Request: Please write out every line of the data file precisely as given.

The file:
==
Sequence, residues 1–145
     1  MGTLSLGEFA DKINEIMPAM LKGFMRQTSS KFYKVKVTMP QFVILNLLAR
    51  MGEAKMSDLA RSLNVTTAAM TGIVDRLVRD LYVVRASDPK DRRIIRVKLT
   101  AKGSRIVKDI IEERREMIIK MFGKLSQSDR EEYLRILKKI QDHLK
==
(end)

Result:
Sequence, residues 1–145
     1  MGTLSLGEFA DKINEIMPAM LKGFMRQTSS KFYKVKVTMP QFVILNLLAR
    51  MGEAKMSDLA RSLNVTTAAM TGIVDRLVRD LYVVRASDPK DRRIIRVKLT
   101  AKGSRIVKDI IEERREMIIK MFGKLSQSDR EEYLRILKKI QDHLK